One Christmas Eve many years ago, my husband and I assembled a ride-on, battery operated fire engine for our then four-year old son.
This thing was the mother-of-all “some assembly required” joke punch lines. It had about ten gazillion parts and an instruction manual as thick as a small phone book. And although I graduated magna cum laude from pretty good college, it might as well have been written in ancient Greek. To this day, I’m not sure it wasn’t.
Finally, I had to call in the cavalry, my dad. Even with Dad supervising and my husband and I assisting, it took us until about two o’clock in the morning to finish the assembly process.
As you can imagine, our son was really excited about his new fire truck! But you know what he was really, really, really exited about?
The box that it came in.
Over the next few weeks that huge box became a fort, spaceship, a school bus, and an ice cream truck.
Moral of the story: fun doesn’t require batteries. And it’s often homemade.
When my grandkids arrive next week, I’ve planned a whole agenda of unplugged, homemade, memory-making fun and games that everybody will enjoy. But I’m particularly excited about introducing them to a favorite classic lawn game.
If you’ve ever been to a church picnic, chances are that pretty good that you’ve played corn hole, basically a beanbag toss game. When I was thinking about lawn games that would be fun for all ages, corn hole came immediately to mind.
Until I started looking for a game for purchase, I didn’t realize that corn hole boards come in “regulation” sizes and cost anywhere from forty to two hundred and fifty dollars.
Seriously? It’s a board with a hole in it and some beanbags.
That’s why I decided to make my own. After an online search, I found a couple of DIY plans for corn hole games. Unfortunately, they involved wood, and hammers, and nails, and screws. That involved a much bigger investment of time and money than I was willing to make.
What I needed was a simple, inexpensive, easy-to-make beanbag toss game – not a piece of furniture.
In fact, a game that would be disposable after the grand darlings went home would be preferable. I’m almost finished with my garage clean-out and transformation. The last thing I need is more stuff to store in the garage.
My DIY Cardboard Corn Hole game was the answer.
Cute, right? And so easy to make that your grand darlings can help you make it, which basically doubles the fun factor.
Yes, it’s a game AND a craft. What better way to keep the little people in your life busy and engaged? Batteries not included. Or needed!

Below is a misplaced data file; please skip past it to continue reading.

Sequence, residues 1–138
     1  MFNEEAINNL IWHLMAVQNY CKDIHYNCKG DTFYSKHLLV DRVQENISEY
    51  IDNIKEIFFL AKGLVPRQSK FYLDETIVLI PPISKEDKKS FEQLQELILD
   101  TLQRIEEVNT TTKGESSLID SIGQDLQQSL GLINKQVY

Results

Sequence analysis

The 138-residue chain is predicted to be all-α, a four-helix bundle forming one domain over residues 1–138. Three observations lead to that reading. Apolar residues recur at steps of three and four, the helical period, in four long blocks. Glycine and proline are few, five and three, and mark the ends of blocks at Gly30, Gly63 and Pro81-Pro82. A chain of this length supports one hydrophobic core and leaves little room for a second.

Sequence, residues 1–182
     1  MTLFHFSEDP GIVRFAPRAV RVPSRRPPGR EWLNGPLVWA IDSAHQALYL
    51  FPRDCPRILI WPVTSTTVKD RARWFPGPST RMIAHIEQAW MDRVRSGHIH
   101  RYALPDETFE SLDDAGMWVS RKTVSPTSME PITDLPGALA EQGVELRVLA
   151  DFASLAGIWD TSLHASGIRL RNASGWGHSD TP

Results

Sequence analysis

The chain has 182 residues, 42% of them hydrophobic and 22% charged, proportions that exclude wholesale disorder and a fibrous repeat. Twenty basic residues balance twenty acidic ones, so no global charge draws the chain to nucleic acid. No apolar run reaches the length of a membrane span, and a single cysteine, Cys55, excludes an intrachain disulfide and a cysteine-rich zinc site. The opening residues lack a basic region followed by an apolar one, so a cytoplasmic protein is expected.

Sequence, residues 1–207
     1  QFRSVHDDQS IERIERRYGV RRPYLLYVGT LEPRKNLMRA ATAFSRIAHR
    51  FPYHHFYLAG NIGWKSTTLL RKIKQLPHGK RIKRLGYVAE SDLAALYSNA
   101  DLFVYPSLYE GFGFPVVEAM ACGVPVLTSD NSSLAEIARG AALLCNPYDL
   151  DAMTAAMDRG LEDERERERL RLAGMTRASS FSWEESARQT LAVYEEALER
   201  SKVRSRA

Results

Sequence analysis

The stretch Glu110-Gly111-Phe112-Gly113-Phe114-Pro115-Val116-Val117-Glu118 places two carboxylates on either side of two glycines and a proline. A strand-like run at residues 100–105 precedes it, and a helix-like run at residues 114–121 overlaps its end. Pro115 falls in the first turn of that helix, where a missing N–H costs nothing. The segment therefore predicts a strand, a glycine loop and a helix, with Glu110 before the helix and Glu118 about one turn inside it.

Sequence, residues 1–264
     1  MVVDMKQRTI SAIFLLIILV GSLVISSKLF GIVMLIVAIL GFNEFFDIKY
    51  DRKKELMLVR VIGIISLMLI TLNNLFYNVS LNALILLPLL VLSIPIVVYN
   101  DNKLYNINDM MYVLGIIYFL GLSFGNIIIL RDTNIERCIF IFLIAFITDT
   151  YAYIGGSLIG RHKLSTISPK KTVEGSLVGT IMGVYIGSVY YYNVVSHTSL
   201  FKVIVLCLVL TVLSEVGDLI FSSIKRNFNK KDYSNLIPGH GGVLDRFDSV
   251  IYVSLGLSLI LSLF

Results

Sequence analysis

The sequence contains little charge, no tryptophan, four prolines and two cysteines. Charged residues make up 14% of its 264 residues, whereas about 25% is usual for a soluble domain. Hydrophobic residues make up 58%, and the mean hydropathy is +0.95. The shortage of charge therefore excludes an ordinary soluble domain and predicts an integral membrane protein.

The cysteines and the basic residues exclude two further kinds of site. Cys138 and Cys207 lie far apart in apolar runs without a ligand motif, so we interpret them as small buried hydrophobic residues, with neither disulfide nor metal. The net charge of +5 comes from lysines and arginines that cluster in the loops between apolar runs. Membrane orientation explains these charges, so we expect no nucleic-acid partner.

Here’s how to make yours.
SUPPLIES AND EQUIPMENT
- Sturdy, rectangular shaped cardboard box
- Marking pencil
- Craft scissors or exacto knife
- Spray and/or poster paint
- Paint brushes
- Dry beans or rice
- Sewing machine or needle and thread
Making the Board
Use a ruler to mark a line all the way around all four sides of the box, about six inches down from the top. Cut along the line, to removed the bottom section of the box.
On the long sides of the box, use your ruler to mark a long, angled line from top of the box lower edge. (Make sure both lines are pointing in the same direction). Cut along the line.
Congratulations! You finished making your corn hole board!!
Oh, wait. Something’s missing…The hole.
Mark a good-sized hole in the center of the board top, positioning it closer to the taller end of the board. (Use a bowl as a template to mark your hole.) Cut out the whole.
Okay. NOW your board is done. Really, I mean it this time.
I spray painted the box with white paint, then used some poster paint to add a stars and stripes motif, but use your imagination. (Don’t worry if your art skills aren’t quite up to snuff. You can always tell people it’s Folk Art.)
Making the Beanbags
Cut 8, 5.5 inch squares of fabric.
Make a quarter inch fold along one edge of each fabric square. Use an hot iron to press the fold.
Take two squares of fabric. With right sides of the fabric facing each other, stitch along three sides of the square, leaving the folded edge open. Turn the sewn beanbag right side out. Repeat three times, creating four bags total.
Fill your beanbags with beans or rice (don’t overfill!).
I found that 2/3 of a cup of rice or beans will do the trick.
Topstitch the open, folded edge of the beanbags to close.
PLAYING THE GAME
Really, the rules can be flexible.
You can play one round, three rounds, or five rounds. You can keep score or not. Everybody can stand at the same distance from the board or it can vary depending on the age of the player.
This is your game. Play it your way. Or rather, play it your grand darling’s way. If yours are anything like mine, they’re going to win anyway.
The important thing is that you’re having fun – together.